The core benefit of Public Service Loan Forgiveness (PSLF) – tax-free forgiveness after 120 qualifying payments with a qualifying employer – is well and widely known.
Because of the tax-free forgiveness, PSLF borrowers are incentivized to maximize the amount of their forgiveness by minimizing the dollar amount of their qualifying monthly payments. In other words, because PSLF is tax-free, the borrower is not penalized by a loan balance that grows each month.1
One of the ways a borrower can lower their monthly payment is reducing their adjusted gross income (AGI) by making contributions to their retirement plan.2
Enrollment in PSLF includes the borrower being in one of the income-driven repayment plans (IBR). These IBR plans calculate monthly payments based the borrower’s “discretionary income,” which is calculated with the borrower’s AGI.
com bay andlaw Bradley Yanke, Marquette 2011, is an attorney with Anderson O’Brienin Stevens Point, where he practices in accident and personal injury, litigation and dispute resolution, and worker’s compensation.
Among other strategies, a borrower can reduce their AGI, and therefore their monthly loan payment, by making contributions to their retirement account, which for a PSLF borrower is likely a 401(k), 403(b), or 457 account.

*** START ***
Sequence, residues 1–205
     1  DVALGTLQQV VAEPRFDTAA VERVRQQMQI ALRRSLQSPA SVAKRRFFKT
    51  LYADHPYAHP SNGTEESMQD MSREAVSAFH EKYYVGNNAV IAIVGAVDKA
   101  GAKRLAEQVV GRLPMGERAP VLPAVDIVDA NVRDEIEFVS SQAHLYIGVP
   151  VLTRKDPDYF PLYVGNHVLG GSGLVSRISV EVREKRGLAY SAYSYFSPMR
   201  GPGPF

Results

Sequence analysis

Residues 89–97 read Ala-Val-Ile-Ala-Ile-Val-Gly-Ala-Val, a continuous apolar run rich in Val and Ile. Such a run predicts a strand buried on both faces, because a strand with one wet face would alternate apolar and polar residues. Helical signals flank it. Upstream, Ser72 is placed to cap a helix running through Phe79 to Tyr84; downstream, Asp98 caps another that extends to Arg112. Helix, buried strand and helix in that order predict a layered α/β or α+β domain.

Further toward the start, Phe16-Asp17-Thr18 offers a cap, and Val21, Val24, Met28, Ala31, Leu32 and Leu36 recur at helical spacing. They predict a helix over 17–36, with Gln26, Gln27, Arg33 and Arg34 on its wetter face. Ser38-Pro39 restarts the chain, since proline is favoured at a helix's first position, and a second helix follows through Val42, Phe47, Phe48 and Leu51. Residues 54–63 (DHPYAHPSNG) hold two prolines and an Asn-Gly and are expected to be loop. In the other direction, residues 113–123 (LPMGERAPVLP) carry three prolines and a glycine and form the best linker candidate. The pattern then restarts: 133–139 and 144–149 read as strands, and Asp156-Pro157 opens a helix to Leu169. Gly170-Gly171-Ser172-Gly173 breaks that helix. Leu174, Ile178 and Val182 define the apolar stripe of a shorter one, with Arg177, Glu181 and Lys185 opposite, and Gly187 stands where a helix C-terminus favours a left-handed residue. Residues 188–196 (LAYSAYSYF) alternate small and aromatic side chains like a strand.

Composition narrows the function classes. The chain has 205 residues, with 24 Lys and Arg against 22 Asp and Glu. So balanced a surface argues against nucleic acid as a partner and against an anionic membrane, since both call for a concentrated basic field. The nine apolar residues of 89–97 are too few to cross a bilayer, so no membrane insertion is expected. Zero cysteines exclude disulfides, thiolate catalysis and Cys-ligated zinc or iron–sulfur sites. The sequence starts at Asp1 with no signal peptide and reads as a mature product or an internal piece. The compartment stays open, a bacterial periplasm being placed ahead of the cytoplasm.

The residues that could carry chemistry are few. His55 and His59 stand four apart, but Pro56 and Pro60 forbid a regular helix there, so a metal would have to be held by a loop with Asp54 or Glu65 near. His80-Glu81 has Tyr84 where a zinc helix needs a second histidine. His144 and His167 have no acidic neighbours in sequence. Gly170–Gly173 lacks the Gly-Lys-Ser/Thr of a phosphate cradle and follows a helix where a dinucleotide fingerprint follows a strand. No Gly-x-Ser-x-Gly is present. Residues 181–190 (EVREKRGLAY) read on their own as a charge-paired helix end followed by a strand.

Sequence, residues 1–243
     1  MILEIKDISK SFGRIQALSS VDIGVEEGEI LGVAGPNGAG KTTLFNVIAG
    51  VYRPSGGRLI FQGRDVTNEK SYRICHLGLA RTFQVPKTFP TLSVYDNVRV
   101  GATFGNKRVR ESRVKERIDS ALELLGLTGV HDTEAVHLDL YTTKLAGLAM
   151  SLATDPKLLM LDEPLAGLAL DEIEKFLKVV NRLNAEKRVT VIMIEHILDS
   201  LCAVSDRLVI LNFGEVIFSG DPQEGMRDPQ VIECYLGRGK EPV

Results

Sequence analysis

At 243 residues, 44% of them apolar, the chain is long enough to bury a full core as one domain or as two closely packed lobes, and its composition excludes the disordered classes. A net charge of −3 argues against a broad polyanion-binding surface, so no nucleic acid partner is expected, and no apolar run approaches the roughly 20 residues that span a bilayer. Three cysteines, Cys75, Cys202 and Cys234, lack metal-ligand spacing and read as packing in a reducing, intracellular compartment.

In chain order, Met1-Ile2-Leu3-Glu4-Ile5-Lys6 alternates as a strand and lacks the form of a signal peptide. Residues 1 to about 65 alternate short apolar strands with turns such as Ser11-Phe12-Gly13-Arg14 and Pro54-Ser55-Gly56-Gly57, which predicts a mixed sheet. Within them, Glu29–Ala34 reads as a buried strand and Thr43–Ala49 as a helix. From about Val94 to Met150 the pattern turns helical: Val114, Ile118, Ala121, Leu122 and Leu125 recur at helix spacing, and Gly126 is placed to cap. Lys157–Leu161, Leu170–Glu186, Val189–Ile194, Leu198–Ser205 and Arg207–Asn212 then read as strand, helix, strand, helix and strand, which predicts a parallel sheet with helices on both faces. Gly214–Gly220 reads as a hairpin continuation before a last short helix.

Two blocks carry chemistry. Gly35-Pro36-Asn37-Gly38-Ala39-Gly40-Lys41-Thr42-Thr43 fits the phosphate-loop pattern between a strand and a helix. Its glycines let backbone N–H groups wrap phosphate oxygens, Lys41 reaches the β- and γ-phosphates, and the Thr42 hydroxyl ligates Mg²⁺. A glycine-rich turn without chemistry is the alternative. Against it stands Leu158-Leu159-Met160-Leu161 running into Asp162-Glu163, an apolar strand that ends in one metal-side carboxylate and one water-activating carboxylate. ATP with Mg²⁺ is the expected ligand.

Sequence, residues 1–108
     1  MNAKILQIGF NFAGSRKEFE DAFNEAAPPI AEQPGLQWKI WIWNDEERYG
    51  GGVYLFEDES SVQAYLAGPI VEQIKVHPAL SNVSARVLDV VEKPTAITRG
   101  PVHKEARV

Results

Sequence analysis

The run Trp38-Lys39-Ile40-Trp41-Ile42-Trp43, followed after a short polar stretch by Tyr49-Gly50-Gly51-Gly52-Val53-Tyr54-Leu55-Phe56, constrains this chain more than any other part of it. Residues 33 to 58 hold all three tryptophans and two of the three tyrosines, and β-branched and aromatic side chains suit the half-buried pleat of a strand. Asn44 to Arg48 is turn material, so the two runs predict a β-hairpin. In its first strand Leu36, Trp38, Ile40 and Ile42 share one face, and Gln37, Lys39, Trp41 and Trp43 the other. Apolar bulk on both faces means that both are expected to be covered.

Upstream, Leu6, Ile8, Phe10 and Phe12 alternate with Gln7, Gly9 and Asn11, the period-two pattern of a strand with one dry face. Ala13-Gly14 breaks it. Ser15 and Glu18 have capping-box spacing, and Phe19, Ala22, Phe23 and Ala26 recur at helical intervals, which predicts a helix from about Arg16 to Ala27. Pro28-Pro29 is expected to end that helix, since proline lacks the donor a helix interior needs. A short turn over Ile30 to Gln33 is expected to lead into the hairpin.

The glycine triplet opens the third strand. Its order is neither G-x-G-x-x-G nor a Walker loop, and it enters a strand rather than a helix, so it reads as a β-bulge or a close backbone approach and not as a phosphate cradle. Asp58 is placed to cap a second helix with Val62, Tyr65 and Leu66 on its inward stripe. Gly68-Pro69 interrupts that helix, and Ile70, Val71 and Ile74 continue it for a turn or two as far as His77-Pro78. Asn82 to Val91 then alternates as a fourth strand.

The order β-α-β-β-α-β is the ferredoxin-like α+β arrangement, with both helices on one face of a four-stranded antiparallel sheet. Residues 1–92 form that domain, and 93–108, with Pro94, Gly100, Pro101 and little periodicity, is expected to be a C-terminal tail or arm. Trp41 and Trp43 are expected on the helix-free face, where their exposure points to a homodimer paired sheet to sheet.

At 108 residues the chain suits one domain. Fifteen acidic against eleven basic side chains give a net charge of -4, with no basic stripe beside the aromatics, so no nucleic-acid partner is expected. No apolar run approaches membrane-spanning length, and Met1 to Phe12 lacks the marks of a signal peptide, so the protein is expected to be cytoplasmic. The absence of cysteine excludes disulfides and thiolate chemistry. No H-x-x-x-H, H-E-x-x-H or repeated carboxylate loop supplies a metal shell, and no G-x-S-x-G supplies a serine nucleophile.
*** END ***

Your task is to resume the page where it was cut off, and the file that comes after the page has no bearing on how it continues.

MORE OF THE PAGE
For 2021, employees can contribute up to $19,500 to a 401(k), 403(b), or 457 account. The more a borrower contributes, the more their AGI goes down and the more their monthly PSLF qualifying payment goes down.
In this sense, PSLF’s tax-free forgiveness means that retirement contributions can provide a triple benefit for borrowers.
First and albeit obvious, it is beneficial to save, and save early, for retirement.
Second, retirement contributions that reduce your AGI can reduce your taxable income.
Third, reducing your AGI reduces your monthly PSLF payments.
Therefore, in addition to the shorter payment term, PSLF’s tax-free forgiveness provides an opportunity for borrowers to put their retirement contributions to work for them in more ways than one.
This is part of a series of tips the Public Interest Law Section has been doing on Public Service Loan Forgiveness. If you would like more information on Public Service Loan Forgiveness, see the following blog posts:
This article was originally published on the State Bar of Wisconsin’s Public Interest Law Section Blog. Visit the State Bar sections or the Public Interest Law Section web pages to learn more about the benefits of section membership.
1 Disclaimer – This is not tax, legal, or investment advice. Every situation and borrower is different, and borrowers should consult with their tax, legal, and financial professionals before making any decisions.
2 This assumes pre-tax (or non-Roth) contributions.